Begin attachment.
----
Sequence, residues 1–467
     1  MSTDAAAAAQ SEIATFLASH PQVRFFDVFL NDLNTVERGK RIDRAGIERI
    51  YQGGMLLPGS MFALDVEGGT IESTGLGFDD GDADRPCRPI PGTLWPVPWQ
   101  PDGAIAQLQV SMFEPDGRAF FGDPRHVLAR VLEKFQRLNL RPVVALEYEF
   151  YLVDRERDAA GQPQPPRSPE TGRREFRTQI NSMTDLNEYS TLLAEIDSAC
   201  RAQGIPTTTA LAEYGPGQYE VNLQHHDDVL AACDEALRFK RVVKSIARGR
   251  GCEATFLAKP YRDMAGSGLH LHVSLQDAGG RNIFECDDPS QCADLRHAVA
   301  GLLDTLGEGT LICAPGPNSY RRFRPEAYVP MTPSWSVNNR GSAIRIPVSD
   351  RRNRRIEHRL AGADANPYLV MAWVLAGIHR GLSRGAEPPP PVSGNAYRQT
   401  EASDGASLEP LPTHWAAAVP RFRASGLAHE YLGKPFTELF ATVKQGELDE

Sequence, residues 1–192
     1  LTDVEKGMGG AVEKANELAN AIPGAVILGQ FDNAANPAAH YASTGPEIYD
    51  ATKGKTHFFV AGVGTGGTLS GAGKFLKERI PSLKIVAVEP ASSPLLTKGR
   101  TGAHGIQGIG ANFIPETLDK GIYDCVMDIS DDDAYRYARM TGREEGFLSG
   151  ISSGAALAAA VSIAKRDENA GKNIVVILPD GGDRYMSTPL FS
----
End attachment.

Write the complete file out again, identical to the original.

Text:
Sequence, residues 1–467
     1  MSTDAAAAAQ SEIATFLASH PQVRFFDVFL NDLNTVERGK RIDRAGIERI
    51  YQGGMLLPGS MFALDVEGGT IESTGLGFDD GDADRPCRPI PGTLWPVPWQ
   101  PDGAIAQLQV SMFEPDGRAF FGDPRHVLAR VLEKFQRLNL RPVVALEYEF
   151  YLVDRERDAA GQPQPPRSPE TGRREFRTQI NSMTDLNEYS TLLAEIDSAC
   201  RAQGIPTTTA LAEYGPGQYE VNLQHHDDVL AACDEALRFK RVVKSIARGR
   251  GCEATFLAKP YRDMAGSGLH LHVSLQDAGG RNIFECDDPS QCADLRHAVA
   301  GLLDTLGEGT LICAPGPNSY RRFRPEAYVP MTPSWSVNNR GSAIRIPVSD
   351  RRNRRIEHRL AGADANPYLV MAWVLAGIHR GLSRGAEPPP PVSGNAYRQT
   401  EASDGASLEP LPTHWAAAVP RFRASGLAHE YLGKPFTELF ATVKQGELDE

Sequence, residues 1–192
     1  LTDVEKGMGG AVEKANELAN AIPGAVILGQ FDNAANPAAH YASTGPEIYD
    51  ATKGKTHFFV AGVGTGGTLS GAGKFLKERI PSLKIVAVEP ASSPLLTKGR
   101  TGAHGIQGIG ANFIPETLDK GIYDCVMDIS DDDAYRYARM TGREEGFLSG
   151  ISSGAALAAA VSIAKRDENA GKNIVVILPD GGDRYMSTPL FS